GAF increase aims to expand student resources

By PAT BOWDEN Reporter

Students can expect to see the general activity fee increase by $5.50 to $5.90 per credit hour for next year’s tuition.

This increase, which will be officially voted on by the Board of Regents on April 1, can be broken down into three parts: a $4.50 GAF increase for a Wellness Center expansion, a 90 cent increase for a Career Development expansion and a 10 cent increase for an increase in club sports funds.

“If you look at it, this is about a 30 percent increase in one year,” Students’ Association President Caleb Finck said. “It’s poor timing that the Board itself is looking at personal changes, so we don’t know what to expect with new board members who might be skeptical of our changes, so we want to go through it rather than waiting. We’re going to be doing about half of the entire GAF plan at the same time, rather than spreading it out.”

The Wellness Center expansion, which will take up a large portion of $4.50 of the GAF increase and was also approved anonymously by Students’ Association, is planned to double the square footage of the facility by adding on to the north side of the building that was originally built with future expansion in mind.

The expansion will consist of four new basketball courts, double the weight lifting area, a track expansion, two more studios, two new racquetball courts, an expansion for the internal health clinic and possibly an outdoor center that would allow students to rent outdoor activities gear.

“The facility was too small the day it opened and we have continued to grow – especially with the opening of the new residential halls, so the proximity increased and there are students right outside our door now,” Wellness Center Director Jeffrey Huskey said. “Our community memberships have plateaued simply because we’re out of space, so there’s no space for more people.”

In total, the Wellness Center expansion will cost around $16 million to $17 million, according to Finck, with the GAF increase taking care of the majority of the funds. The Wellness Center plans on fundraising for any remaining amount of money.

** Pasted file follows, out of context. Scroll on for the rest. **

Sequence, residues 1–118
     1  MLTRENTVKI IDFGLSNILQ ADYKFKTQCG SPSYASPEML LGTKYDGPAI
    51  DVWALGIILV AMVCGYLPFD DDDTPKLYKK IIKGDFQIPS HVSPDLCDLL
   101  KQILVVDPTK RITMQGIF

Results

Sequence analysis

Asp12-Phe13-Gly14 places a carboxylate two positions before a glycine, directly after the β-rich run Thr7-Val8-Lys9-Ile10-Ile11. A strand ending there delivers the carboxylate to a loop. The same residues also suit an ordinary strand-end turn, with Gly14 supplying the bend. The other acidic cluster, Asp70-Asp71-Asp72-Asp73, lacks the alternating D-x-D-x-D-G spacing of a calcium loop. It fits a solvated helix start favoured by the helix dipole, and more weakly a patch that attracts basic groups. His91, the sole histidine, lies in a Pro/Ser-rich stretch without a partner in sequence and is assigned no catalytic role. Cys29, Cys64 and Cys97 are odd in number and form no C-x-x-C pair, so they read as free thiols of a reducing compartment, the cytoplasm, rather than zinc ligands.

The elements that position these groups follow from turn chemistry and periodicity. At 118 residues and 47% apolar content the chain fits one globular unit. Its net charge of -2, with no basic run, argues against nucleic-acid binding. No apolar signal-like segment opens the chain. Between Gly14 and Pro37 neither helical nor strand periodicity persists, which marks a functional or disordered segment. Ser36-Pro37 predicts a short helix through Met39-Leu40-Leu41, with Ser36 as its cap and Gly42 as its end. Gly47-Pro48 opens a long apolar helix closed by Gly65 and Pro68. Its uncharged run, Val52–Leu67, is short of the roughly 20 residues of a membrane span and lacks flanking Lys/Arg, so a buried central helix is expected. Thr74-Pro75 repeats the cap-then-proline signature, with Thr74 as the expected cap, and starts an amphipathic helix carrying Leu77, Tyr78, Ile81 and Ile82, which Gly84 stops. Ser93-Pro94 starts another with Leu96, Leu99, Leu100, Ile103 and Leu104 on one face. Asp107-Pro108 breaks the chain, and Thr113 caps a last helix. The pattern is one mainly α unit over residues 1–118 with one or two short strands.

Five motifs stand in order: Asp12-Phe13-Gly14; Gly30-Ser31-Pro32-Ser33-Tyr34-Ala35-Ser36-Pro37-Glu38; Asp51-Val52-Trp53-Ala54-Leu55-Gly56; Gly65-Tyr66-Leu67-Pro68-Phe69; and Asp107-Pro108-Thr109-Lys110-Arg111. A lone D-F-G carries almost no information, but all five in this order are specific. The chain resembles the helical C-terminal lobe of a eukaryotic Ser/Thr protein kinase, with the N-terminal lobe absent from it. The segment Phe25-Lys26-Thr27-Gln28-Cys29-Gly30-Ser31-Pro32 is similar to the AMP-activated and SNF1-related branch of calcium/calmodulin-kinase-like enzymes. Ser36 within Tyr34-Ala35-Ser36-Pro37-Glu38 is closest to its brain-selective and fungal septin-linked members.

“The one [fee increase] that appeals to me is the Wellness Center because more things [intramural sports] can go on at the same time,” senior agronomy major Taylor Jensen said. “I think it would benefit the whole student body … there’s always the thought that ‘I don’t use this,’ but in my mind it’s overall evened out in the end.”

Others who are a part of the 75 percent of students who use the gym look forward to the expansion, which has a rough timetable to hire an architect by summer 2015, begin construction by fall 2015 and be open by January 2018 after 18-24 months of construction, according to Finck.

“I think the gym is too small, hands down. … Sometimes I go there and it’s too packed, and sometimes I’ll leave early because it’s too busy and I can’t use the equipment,” freshman architecture major Keaton Hoff said. “I think they should do the court expansion, because I’ve had friends who have had their intramural sports filled up before they can sign up.”

The expansion in career development will take up 90 cents of the increase, which will go toward a new model of career development called a Liaison model. This new system aims toward having a career development officer for every college academic unit, whose position is half paid for by the students via the GAF and the other half is paid for by the college itself, if they choose to participate in the new model.